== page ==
Ahh summertime. Three months (at least here) of heat, sun, lemonade and bliss. The perfect time of the year to go do what you want, adventure, and fill your heart with lots of volunteer hours. Wait – you didn’t think of volunteering this summer? That’s not on your list every summer?

Millennials love volunteering. In fact, in 2013, 20% of adults under 30 volunteered for something–significantly more than the 20-somethings in the generation before. Volunteering taps right into the Millennial instinct to contribute and make a positive impact in society and the people that immediately surround them.

Are we talking about the same people, you may ask? Yes, indeed, we are. Your neighborhood college kid, that young guy in the cubicle next to you, the loud, media-obsessed intern in your office: they are a part of a generation that values giving to others.

Since I started my first full-time job, I’ve been on the look-out for volunteering opportunities. I looked at helping out at the Denver Dumb Friends league (their visits to my elementary school have always stuck with me–so many animals get abandoned and just want some love), the Literacy Coalition of Colorado (just being able to read better can improve your life, your job, your relationships), and a couple soup kitchens around town. If I had 6 more hours in my week, I would pull my weight at every single one of those organizations. I know that even just showing up would change someone’s life–at least for one day. But at the time, I was still figuring out this whole “time management” thing, so didn’t jump in. Until a friend of mine started organizing something amazing: she signed up for two or three volunteer positions at a local women’s rehousing shelter, and got our friend group to collectively fill those positions. Me and my now husband would use one night every few weeks, when it was our turn, as a date night, helping supervise a few kids while their mothers were in night classes that taught them life skills that would help them move on to the next phase of their lives.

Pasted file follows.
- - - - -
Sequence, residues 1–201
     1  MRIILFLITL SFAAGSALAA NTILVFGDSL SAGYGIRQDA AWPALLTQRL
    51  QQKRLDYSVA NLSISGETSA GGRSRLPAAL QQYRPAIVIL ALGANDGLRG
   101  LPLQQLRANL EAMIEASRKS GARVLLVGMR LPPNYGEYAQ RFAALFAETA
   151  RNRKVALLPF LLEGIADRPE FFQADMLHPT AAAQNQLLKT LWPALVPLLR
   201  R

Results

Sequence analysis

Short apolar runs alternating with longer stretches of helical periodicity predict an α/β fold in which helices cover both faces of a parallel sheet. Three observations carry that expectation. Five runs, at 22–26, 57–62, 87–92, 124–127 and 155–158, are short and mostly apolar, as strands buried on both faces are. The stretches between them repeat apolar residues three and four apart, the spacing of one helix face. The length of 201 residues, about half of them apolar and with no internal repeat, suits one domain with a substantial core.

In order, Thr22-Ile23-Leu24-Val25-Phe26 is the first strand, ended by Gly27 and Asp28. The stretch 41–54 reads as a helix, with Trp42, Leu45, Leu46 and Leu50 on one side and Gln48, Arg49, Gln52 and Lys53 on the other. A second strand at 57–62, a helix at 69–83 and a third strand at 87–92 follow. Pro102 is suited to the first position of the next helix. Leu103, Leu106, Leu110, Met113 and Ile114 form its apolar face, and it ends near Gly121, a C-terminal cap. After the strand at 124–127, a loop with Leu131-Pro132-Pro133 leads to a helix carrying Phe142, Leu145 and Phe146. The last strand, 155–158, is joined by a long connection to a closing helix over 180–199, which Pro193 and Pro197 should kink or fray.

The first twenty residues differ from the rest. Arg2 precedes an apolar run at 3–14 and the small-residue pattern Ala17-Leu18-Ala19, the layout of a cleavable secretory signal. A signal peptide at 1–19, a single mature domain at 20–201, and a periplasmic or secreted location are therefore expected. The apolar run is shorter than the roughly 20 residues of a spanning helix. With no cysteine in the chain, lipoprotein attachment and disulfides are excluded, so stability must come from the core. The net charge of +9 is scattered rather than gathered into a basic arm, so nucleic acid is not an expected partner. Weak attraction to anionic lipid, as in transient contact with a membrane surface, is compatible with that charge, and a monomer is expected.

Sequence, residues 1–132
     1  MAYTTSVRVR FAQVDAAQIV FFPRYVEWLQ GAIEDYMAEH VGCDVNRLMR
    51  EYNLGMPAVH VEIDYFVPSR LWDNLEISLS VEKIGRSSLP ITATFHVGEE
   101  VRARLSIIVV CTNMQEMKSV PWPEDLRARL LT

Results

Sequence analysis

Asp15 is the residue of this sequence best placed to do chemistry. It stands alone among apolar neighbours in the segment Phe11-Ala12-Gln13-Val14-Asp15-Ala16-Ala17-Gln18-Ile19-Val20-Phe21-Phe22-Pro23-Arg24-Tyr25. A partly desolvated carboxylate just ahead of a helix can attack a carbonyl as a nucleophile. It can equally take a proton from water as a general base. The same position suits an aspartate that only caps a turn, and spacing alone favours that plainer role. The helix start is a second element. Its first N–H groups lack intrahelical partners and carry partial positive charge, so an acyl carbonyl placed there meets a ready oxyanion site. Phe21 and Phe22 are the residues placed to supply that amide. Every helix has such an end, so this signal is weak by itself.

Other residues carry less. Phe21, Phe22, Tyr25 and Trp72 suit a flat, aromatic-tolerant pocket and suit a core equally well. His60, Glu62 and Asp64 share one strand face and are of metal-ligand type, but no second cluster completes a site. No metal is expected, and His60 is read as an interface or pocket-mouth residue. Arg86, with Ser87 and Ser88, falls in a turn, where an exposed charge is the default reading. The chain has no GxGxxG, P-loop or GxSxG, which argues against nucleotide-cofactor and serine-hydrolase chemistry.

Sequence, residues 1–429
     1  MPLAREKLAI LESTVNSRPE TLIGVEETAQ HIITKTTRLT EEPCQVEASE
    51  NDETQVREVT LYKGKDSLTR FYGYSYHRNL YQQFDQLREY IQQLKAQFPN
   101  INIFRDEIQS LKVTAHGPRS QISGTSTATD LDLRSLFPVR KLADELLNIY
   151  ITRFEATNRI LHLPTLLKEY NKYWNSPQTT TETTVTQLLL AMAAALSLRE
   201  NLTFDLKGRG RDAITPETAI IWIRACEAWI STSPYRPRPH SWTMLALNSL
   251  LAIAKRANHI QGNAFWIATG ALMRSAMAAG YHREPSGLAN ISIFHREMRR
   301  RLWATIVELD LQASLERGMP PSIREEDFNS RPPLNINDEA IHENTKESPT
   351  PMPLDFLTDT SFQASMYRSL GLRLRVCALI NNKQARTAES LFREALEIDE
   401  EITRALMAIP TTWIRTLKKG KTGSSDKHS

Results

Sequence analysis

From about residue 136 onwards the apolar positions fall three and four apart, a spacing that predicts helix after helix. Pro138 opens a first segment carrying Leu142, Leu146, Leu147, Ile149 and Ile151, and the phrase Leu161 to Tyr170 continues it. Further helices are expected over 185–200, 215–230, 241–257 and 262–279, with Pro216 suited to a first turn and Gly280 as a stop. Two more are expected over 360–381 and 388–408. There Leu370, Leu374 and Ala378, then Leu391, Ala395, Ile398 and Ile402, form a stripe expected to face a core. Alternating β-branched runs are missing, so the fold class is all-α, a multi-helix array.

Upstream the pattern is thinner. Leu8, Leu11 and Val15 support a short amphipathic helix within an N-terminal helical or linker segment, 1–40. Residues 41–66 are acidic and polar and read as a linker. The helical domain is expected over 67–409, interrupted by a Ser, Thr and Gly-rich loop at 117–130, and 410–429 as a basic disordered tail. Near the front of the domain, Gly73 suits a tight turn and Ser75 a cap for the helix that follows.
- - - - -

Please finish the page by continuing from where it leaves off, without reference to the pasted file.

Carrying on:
Taking just an hour or two every few weeks was all I had to give, but I am so glad I did. Not only did it teach me about allowing others to do things on their own, to take their own initiative and to find their own way, but it taught me things about the man I married. I got to see first hand that he was caring, fun, and could put up with a few building blocks to the face. No doubt this will come in handy in the future.

We then took our experiences at the house and were able to connect with our friends who also helped share the volunteer positions. We compared war stories and talked about the one or two “regulars” like they were a part of our friend group. This isn’t uncommon for our generation, either. Whether they are in a formal volunteer position or simply providing for those they love, Millennials give their time by nurturing, leading, and mentoring others.

As researchers we need to know about this need to impact the world at large. Millennials are not completely selfish and are willing to spend their time on people other than themselves when they see the big-picture impact that they can make on others’ quality of life. They enjoy being involved, and research is most definitely a place that they can get involved with something bigger than themselves. We just need to tell them what that something bigger is. No gimmicks, no disguising what we want: when you want Millennials to be a part of your research, tell them why it is important to you, tell them why your research is worthy of their time. A heartfelt and honest approach will appeal to their desire to contribute and make a positive difference in the world.

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